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Found 6 results

  1. Hello everyone! I will be shooting a small home movie for my family. My sis in law has a newborn coming soon and I i wanted to shoot in black and white. I will be shooting inside the hospital and her room. I was thinking for the extra light that I might need, shooting in Kodak 200t and converting to black and white in FCP. I'm new to this, but i'm thinking the extra speed over 7266 will get me slightly better exposure. I will be using my Canon 310xl. My question is, doing a 200t to B&W conversion, will anything be lost? shadow/high-light detail? I am also getting processed/scanned by the pro labs (not sure if that matters). OR should I just get the Tri-X 7266 and shoot with confidence. I mean, the 310xl has a pretty wide aperture so I can see how it can be used with no issues. Thanks in advance!
  2. I have just purchased two cameras. Canon 514XL-S (Canosound) Canon 814XL Electronic I am planning to film indoors with artificial light/tungsten bulbs and Kodak Vision 3 - 200T. A am new in the Super 8 game, but this is a project I take very seriously. What do I have to do to get the best results with these cameras and this film, regarding to settings etc? Thanks.
  3. Happy Sunday, I recently watched Inherent Vice for the second time and was truly captivated by the cinematography. I loved the soft vintage look, the noticeable but fine grain in the midtones and the creamy lens flare. Does anyone know how this look was accomplished? I've managed to research my way to knowing that Robert Elswit used Panavision Primo spherical primes from the late 80s, but what accounts for the grain? Was the stock simply pushed a few stops to give it a look which matches period in which the film takes place? I've been searching and searching, but I've not managed to find any interviews with Elswit about the process. I also read somewhere that they used "old film stock found in someone's attic", although I haven't been able to confirm this. Any help or leads greatly appreciated! Best, Kaspar
  4. Hey guys, anyone know the difference between the 200T and the 250D? I understand the 250D is for daylight. But for the 200T, its shot alot in daylight, so whats the advantage - AND its tungsten balanced....so it would make sense to shoot at night...with slow speed??? Doesnt make sense. Anyway, hopefully you guys will be able to explain. And please dumb down the technical lingo a tad lol Im not a cinematographer - just someone who wants to learn. I do storyboards, and i might direct in the future and knowing this may come in handy. Thanks! Also, how far can I underexpose with the 200T?? And the 250D? I know with 500T you can go under to EI 1600. But what about these faster stocks?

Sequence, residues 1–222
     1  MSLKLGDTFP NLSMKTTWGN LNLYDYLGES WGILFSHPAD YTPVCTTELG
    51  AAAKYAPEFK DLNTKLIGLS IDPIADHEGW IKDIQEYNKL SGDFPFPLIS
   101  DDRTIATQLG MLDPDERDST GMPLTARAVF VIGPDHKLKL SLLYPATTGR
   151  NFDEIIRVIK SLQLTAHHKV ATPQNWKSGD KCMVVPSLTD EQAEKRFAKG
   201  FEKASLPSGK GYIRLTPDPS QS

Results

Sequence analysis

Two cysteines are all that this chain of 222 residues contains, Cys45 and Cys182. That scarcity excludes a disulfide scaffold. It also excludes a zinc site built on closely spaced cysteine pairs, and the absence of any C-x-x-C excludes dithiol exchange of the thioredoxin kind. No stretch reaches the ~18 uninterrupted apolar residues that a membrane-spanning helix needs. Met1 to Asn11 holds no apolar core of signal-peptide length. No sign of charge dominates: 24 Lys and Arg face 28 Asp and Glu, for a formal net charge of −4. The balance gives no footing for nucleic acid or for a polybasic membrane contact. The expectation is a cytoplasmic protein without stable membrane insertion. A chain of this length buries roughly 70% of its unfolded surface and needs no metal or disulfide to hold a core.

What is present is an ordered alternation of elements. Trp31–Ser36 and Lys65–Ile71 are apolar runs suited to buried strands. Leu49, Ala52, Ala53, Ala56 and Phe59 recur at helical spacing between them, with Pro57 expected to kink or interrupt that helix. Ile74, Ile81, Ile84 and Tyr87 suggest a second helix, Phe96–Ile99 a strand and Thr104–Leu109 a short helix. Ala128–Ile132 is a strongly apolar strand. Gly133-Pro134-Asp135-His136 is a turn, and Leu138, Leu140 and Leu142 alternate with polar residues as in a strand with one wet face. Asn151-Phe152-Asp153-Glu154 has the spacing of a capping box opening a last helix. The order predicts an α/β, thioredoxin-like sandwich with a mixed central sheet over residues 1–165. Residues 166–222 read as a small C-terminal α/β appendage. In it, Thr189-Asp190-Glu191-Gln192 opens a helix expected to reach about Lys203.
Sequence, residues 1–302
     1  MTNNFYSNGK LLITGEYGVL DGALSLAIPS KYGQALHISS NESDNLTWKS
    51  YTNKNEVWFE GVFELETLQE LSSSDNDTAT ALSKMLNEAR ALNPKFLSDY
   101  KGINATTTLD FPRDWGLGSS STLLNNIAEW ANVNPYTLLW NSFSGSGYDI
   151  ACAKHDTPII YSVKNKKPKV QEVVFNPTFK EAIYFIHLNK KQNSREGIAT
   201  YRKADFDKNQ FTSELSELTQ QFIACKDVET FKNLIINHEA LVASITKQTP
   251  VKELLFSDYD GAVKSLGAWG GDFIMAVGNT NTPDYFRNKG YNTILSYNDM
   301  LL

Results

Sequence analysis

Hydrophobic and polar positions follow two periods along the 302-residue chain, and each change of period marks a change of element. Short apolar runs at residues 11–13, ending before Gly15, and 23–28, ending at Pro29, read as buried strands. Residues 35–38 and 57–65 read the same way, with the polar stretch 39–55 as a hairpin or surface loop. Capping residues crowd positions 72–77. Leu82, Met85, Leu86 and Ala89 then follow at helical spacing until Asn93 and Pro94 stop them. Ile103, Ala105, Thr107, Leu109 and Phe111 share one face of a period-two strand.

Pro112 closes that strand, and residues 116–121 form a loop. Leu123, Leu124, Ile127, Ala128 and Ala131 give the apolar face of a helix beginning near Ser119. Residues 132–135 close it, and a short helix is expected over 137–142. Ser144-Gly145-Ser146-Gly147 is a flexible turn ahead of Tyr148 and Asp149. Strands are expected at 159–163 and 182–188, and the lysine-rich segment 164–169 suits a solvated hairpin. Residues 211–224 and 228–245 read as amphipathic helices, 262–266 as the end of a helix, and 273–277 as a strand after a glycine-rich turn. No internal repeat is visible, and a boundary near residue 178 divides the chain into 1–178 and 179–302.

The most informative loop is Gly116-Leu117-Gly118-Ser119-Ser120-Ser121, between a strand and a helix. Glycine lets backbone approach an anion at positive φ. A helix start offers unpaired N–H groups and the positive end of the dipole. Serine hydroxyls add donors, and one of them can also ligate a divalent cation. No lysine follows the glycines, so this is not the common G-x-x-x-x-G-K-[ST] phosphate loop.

5. hello everyone, I'm a final year cinematography student of ftit, chennai, tamilnadu. Within a month, I'm going to do my diploma film, the academic exercise.My director wants a blue tone overall the movie. so somebody give me suggestions to achieve it since i'm a budding cinematographer. Herewith I'm attaching all the equipments i would be provided : Arriflex III, 500T (2 nos), 200T (4 nos), lenses- 24mm-290mm zoom, 24mm, 35mm, 50mm, 85mm, light- 1kw, 2kw, 5kw. I know many methods would be available like using filters and all, but i would like to know the effective method that would be apt for the mentioned requirements. By the way, the diploma genre is a thriller. Regards Kirubanidhi
  6. Hey everyone. I was recently given 10,000 ft of 30 year old 35mm film dated back to 1982. The stocks are Kodak 5247 100T and Kodak 5293 200T. The person who gave them to me was given them by the AD from The Godfather, claiming these were short ends recanned from 1,000 ft rolls. Who knows if this is true- either way, they had been refrigerated and when we loaded them in the mags, they felt almost like new. My friend Geoff Taylor and I shot a roll of each to test. Kodak 5293 - https://vimeo.com/53663199 Kodak 5247 - https://vimeo.com/53709812 I just dropped off 6,000 ft of the 100T to Fotokem from a music video Geoff and I shot last weekend on it. I'll post again when we get it back! KEEPIN FILM ALIVE, Kate Arizmendi
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